How Zendaya, Lil Nas X and Issa Rae Are Paving the Way for Up-and-Coming Black Talent

As part of PEOPLE's ongoing Black History Month coverage, editors celebrate legends who are busting open doors and making history now

01 of 07


Pascal Le Segretain/Getty

First Black actress to win two Emmys for a leading role

After becoming the youngest woman to win the Outstanding Lead Actress in a Drama Series Emmy in 2020, the Euphoria star picked up the honor again in 2022 for her role on the HBO series. Zendaya has gracefully transitioned from a Disney Channel child star into a formidable leading lady, showing off her acting, singing and action skills on Euphoria, in the 2017 hit film The Greatest Showman and in the blockbuster Spider-Man franchise. Though she's only 26, she's already providing a blueprint for the next generation, like her Euphoria costar Storm Reid, 19, who calls Zendaya "my fourth sibling." Says Reid: "To go from someone that you look up to, to working with them is really cool. Having her pour into me is a huge blessing."

02 of 07

Issa Rae

Issa Rae
Tyren Redd

First Black female creator and star of a premium cable series

On the heels of her successful YouTube series The Mis-Adventures of Awkward Black Girl, Rae, 38, created the 2016–21 HBO dramedy Insecure, which earned her three Emmy nominations for Outstanding Lead Actress in a Comedy Series. "I'm proud to show what's possible," she says of the upgrade to cable. She moved to the big screen in 2020 with The Photograph and The Lovebirds, and in 2022 premiered her latest cable creation, the HBO Max comedy series Rap Sh!t. "I will always be chasing the experience I had with Insecure," she says. "It gave me confidence in my ability to tell stories and connect with an audience."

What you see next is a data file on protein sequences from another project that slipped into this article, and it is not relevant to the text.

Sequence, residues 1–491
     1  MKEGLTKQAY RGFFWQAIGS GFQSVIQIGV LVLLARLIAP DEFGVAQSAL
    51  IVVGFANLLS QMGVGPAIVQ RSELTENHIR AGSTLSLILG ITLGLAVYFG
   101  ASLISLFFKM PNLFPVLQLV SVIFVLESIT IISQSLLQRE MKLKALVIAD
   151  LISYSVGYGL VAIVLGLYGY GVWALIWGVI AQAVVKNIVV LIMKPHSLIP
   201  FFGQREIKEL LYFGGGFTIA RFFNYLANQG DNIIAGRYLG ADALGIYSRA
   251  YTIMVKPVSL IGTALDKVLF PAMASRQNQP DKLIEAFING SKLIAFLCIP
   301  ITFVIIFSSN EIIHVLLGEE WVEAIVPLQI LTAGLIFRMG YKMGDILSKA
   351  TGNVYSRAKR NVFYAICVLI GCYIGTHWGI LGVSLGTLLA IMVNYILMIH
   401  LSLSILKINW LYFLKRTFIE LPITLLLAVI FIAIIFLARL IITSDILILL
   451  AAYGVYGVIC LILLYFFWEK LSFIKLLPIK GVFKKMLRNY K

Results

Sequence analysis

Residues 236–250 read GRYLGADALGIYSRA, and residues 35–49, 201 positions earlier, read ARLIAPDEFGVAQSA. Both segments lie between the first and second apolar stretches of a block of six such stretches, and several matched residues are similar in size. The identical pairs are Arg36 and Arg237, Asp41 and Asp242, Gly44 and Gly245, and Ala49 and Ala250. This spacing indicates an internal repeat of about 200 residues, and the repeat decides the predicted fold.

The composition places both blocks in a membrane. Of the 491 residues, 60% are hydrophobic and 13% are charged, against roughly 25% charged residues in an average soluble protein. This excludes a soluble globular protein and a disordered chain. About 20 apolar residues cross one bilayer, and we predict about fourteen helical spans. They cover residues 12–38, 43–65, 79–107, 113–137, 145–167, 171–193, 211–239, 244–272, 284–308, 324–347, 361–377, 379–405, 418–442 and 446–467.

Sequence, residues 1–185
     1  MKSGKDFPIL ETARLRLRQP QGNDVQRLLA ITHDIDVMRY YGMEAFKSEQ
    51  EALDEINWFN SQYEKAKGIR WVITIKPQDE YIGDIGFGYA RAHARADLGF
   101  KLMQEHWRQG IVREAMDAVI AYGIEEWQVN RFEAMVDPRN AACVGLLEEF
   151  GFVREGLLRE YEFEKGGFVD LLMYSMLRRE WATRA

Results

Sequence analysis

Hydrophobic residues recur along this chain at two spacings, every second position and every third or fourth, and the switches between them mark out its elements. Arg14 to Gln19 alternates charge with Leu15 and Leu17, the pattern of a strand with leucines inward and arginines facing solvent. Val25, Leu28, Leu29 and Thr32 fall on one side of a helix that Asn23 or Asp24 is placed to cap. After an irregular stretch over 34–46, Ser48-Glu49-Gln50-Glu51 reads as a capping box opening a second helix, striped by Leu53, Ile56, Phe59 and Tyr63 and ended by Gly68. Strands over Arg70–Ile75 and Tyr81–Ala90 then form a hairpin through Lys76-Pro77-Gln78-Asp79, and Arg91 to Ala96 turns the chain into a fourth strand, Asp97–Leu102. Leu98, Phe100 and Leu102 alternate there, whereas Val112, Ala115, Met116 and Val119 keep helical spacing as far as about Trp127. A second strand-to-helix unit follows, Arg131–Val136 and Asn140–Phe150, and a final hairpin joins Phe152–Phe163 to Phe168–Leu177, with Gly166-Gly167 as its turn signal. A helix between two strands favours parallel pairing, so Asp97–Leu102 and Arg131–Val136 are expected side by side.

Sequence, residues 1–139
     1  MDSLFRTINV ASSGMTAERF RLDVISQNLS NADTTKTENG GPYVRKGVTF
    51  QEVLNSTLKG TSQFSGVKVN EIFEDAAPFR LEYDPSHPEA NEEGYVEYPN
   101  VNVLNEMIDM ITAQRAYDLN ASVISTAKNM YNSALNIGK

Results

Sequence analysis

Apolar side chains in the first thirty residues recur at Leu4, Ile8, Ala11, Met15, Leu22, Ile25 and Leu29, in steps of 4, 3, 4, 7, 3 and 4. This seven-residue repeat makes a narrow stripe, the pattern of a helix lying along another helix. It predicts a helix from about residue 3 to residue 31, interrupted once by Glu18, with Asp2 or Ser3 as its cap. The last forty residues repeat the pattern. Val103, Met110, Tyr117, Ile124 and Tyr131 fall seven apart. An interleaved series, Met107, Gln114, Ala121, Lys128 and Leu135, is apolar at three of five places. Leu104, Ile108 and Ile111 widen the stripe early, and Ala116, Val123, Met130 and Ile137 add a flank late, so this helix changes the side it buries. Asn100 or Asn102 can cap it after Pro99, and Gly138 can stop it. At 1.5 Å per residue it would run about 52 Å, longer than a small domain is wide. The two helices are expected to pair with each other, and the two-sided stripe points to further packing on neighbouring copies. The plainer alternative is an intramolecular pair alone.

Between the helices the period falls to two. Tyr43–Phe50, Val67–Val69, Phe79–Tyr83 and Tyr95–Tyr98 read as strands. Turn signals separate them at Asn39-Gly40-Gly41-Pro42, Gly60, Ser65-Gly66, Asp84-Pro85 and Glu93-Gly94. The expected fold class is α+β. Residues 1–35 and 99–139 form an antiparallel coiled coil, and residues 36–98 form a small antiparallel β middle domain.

03 of 07

Lil Nas X

Lil Nas X
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First openly gay rap superstar

Born Montero Lamar Hill, the rapper, 23, has been dismantling stereotypes and upending hip-hop tradition ever since his 2019 breakthrough single "Old Town Road" made him a star. While the song, a blend of rap and country with a hook sung by Billy Ray Cyrus, was enjoying a 19-week run at No. 1, Nas X came out as gay on Twitter, breaking down a barrier in a genre that's been criticized for its homophobia. The Grammy winner, who hails from Lithia Springs, Georgia, has also become a style icon with his bold, colorful outfits. His A-list contacts have expanded since "Old Town Road" (he's worked with Cardi B, Nas and Jack Harlow, among others), but when Cyrus got the offer to guest on the then relatively unknown teenager's soon-to-be smash, jumping in was a no-brainer. Says Cyrus: "They said, 'When can you do it?' And I said, 'Today.' "

04 of 07

Janet Mock

Janet Mock attends The 2021 Met Gala Celebrating In America: A Lexicon Of Fashion at Metropolitan Museum of Art on September 13, 2021 in New York City.
Theo Wargo/Getty

First Black trans woman to write and direct a TV series